In evaluating whether mortgage loan officers meet the “duties test” for exempt administrative status, the DOL in its Administrator’s Interpretation found that the following are their “typical” job duties:
In contrast to its earlier opinion letters, the DOL concluded that performing these duties demonstrates the employees’ primary duty is making sales and, as such, they are performing the “production work” of selling their employers’ loan products, rather than performing the exempt administrative work of servicing the business of their employer or their employers’ customers. The DOL relied on a number of factors in making this determination, including its interpretation of case law; its analysis of regulations distinguishing between routine non-exempt sales work and exempt administrative work; its observation that typical compensation arrangements for many mortgage loan officers are based at least in part on commissions; and its observations that mortgage loan officers are often trained in sales techniques and their performance often is evaluated on the basis of sales volume and other production goals.
The DOL acknowledged employees also may qualify for the administrative exemption if their primary duty is directly related to the management or general business operations of their employers’ customers. In making this determination, the DOL emphasized the importance of focusing on the identity of the customer, and whether the customer is acting in a personal or business capacity. In that regard, the DOL found that the customers of mortgage loan officers typically are individual homeowners seeking advice for their personal needs as opposed to business needs and accordingly, do not qualify for the administrative exemption. The DOL further acknowledged the outcome might be different where the customer is a business seeking advice about mortgage-related decisions or is a sole proprietor seeking such advice for business needs.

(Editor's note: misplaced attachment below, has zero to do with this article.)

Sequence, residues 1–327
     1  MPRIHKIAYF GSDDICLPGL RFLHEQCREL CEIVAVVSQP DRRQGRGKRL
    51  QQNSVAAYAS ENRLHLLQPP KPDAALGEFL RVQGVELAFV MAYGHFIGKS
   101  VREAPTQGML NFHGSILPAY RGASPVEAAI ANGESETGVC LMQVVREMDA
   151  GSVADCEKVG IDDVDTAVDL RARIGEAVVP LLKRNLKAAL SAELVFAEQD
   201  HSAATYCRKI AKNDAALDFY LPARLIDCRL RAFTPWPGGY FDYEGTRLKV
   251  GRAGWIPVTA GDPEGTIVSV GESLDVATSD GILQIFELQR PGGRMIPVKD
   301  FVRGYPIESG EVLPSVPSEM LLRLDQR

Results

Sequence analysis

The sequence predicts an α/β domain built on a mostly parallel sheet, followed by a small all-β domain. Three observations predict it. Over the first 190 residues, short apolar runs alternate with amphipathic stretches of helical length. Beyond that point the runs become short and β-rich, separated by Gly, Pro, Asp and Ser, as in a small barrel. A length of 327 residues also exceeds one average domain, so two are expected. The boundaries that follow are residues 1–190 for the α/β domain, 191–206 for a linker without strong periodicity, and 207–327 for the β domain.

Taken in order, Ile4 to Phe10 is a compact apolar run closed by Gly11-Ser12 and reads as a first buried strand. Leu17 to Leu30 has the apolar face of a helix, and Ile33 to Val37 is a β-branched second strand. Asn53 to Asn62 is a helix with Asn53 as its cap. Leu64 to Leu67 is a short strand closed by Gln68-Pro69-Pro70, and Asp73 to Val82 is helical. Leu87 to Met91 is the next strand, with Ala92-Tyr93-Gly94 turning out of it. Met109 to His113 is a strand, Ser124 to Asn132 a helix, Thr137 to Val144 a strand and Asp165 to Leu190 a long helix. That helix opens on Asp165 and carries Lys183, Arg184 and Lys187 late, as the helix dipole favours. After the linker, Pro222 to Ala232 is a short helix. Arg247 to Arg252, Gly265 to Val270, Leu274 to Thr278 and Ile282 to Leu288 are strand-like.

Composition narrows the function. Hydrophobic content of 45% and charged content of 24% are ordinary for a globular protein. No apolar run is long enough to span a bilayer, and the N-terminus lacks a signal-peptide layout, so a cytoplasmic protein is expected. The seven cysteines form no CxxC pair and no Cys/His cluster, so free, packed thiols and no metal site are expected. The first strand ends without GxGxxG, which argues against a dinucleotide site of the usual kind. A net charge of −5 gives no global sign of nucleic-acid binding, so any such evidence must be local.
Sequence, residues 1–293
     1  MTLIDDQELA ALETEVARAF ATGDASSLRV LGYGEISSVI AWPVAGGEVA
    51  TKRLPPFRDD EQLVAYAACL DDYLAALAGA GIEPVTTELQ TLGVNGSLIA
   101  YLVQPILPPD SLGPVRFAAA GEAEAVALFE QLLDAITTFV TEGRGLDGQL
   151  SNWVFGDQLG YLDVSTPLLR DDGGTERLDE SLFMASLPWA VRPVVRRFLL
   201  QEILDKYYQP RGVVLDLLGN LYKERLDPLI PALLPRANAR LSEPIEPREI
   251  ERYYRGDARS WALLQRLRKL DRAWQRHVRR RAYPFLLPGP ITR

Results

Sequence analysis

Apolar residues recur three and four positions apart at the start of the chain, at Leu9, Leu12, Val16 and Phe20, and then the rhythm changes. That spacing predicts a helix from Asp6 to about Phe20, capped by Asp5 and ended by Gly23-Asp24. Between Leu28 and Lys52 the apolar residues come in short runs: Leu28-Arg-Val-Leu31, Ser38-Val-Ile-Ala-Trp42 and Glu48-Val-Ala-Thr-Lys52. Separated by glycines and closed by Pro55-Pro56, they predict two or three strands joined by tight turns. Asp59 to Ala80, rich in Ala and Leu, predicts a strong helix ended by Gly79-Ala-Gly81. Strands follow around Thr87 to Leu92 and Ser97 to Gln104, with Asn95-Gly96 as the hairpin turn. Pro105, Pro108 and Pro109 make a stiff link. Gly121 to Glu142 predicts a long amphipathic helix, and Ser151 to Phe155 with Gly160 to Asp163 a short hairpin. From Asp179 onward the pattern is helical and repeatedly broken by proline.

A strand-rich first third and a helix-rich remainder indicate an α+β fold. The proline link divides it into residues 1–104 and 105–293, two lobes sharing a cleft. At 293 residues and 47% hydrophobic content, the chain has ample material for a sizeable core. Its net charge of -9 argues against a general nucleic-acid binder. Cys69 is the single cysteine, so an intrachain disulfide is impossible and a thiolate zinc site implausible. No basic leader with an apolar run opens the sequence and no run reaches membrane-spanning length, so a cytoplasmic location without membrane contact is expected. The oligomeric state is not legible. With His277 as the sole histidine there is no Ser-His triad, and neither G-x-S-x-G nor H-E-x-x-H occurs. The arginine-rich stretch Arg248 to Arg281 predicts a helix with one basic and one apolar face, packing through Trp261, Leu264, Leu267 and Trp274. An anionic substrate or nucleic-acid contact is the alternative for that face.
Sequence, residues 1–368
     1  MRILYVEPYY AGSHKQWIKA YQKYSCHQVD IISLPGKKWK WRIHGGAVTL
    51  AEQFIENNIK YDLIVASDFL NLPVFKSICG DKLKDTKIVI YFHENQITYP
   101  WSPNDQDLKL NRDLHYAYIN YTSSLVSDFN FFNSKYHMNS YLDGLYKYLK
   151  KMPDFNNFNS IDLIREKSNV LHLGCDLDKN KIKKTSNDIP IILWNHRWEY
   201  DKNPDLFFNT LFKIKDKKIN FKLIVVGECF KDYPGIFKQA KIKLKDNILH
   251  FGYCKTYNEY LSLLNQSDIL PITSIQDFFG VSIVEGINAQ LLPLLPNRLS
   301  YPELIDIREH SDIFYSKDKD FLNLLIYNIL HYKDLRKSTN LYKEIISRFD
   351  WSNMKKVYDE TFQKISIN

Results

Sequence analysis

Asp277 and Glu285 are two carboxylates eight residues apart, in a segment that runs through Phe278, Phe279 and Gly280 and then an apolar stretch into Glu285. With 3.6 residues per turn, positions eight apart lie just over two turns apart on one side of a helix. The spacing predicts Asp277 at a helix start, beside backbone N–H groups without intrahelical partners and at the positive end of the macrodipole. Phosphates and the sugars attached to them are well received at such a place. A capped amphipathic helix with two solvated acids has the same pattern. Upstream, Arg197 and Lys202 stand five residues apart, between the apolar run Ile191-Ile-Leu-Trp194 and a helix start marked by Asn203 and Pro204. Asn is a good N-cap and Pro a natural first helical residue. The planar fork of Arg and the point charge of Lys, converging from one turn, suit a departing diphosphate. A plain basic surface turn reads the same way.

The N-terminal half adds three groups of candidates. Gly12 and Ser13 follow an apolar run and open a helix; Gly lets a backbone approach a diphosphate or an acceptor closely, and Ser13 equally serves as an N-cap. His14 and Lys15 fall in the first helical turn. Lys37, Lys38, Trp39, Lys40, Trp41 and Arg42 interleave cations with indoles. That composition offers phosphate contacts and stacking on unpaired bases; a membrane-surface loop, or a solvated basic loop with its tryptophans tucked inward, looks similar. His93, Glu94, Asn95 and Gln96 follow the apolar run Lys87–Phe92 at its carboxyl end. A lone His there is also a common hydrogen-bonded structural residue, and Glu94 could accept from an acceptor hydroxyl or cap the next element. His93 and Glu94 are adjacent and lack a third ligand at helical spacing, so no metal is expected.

Like prior opinion letters issued by the DOL, an Administrator’s Interpretation is not legally binding in judicial proceedings. Nonetheless, at minimum, this Interpretation is a setback on a going forward basis for employers in the mortgage loan industry who, when engaged in litigation over loan officers’ exempt administrative status, previously had been able to establish as an affirmative defense their good faith reliance on the DOL’s September 2006 opinion letter. This Administrator’s Interpretation also signals that the DOL may be taking a harder look at the “production versus staff” dichotomy in distinguishing between nonexempt and exempt administrative, in contrast to the approach it took in the prior Bush administration. Any such renewed emphasis on this dichotomy would appear to be inconsistent with the DOL’s stated intention in its Preamble to the revised 2004 FLSA regulations, in which the DOL indicated it intended to reduce the emphasis on this distinction. In any event, the elimination of fact-specific opinion letters and the DOL’s reversal of its position with regard to mortgage loan officers is consistent with widely-held expectations that the DOL will be taking a more aggressive, employee friendly enforcement approach with regard to exemption and other wage-hour issues. Baker Hostetler is well positioned to assist employers in reviewing their compensation and payroll policies and practices and in tightening compliance with arcane and often complex wage and hour requirements.
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David A. Grant (
Authorship Credit: Paula F. Seger and David A. Grant
 The DOL also withdrew an opinion letter issued on February 16, 2001 (2001 WL 1558764) in which it likewise determined performance of similar duties could fall within the administrative exemption but in that particular instance, the loan officers were not exercising the requisite discretion and independent judgment to qualify for exempt status.